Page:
WINNEBAGO - In an emergency meeting Friday prompted by torrential rains this week, the Winnebago City Council voted to declares the city in a state of emergency.
"This requests the money that Gov. Tim Pawlenty has made available to the areas affected by the heavy rainfall," said City Administrator Austin Bleess.
Bleess said Faribault County commissioners passed the same resolution Friday morning, and surrounding towns have passed or were about to pass it.
"Wells passed it about two hours ago," Bleess said. "Minnesota Lake is going to meet."
"The next step is for the document to be forwarded to the governor's office and FEMA in the Twin Cities," said Bob Toland, Winnebago police chief and the emergency management director.
"FEMA in Minnesota will make a request of FEMA Region 5 in Chicago," Toland said. "The governor will request emergency management staff do an assessment of the financial need, checking for infrastructure damage in the area. If that reaches a certain dollar amount in the state, then the governor can request the President declare a disaster area."
Toland said this was separate from declaring an agricultural disaster.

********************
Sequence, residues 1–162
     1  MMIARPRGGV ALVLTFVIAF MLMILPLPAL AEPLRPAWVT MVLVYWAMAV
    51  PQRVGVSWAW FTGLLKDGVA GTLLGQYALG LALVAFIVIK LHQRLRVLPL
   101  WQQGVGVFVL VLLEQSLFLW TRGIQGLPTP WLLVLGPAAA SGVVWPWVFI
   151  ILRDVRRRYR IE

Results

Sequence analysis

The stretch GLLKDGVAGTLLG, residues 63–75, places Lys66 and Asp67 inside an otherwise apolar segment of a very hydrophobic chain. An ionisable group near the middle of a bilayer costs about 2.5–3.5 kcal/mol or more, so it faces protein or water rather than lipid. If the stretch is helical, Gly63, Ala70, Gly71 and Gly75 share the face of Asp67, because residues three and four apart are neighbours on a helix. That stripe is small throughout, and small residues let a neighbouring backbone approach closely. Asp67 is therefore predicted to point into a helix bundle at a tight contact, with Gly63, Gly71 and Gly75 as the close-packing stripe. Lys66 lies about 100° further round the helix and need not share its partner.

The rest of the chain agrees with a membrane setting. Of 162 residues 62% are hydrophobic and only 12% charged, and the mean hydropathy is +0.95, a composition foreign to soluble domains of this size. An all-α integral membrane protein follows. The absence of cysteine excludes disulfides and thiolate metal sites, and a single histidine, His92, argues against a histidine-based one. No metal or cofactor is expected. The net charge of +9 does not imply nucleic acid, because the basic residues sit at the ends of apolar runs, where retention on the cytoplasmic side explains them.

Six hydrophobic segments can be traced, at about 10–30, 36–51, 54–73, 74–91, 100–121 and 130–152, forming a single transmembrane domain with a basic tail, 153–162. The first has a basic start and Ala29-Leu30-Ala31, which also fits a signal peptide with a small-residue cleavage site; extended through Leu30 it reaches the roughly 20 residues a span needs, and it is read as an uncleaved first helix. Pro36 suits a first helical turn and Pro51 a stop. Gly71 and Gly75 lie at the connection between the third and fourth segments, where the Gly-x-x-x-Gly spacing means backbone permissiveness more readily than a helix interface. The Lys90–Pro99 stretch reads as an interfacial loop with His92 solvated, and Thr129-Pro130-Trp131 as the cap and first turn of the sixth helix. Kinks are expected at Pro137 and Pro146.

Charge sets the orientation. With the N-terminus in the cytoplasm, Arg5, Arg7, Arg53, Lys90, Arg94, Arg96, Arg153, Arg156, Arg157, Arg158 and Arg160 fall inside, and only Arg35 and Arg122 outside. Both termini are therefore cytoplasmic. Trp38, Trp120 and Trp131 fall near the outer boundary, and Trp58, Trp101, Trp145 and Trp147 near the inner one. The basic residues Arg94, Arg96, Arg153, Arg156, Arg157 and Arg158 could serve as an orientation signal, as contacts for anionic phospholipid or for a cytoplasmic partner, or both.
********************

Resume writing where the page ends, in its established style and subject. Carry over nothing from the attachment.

"There's an entirely different assessment for crops," he said.
Toland recommended people "document, document, document.
"Keep records, document all bills, take pictures of the damage," he said.
He also recommended knowing the points on any insurance policies that might apply.
Any money awarded will be made available to the city and "when we get the information, it'll be on the radio and newspapers," Bleess said.
In the meantime, Winnebago is just trying to dry out.
"There's water in a lot of basements," said Bleess. But, for the most part, the town was able to keep its head above water during the rainfall.
Toland said the town didn't lose power, but even if the power had gone out, "all lift stations are powered by back-ups."
"The public works guys were out at 11 on Wednesday night running pumps," Bleess said. "Pumps are still running at some locations."
Bleess said most streets were fine, but "some gravel roads are washboards with big gullies through them. The street department will be out on Monday trying to get more roads in shape."
Bleess praised the people who worked nearly around the clock in the crisis.
"They did a great job the last couple of days," Bleess said. "A lot of sleep's been lost."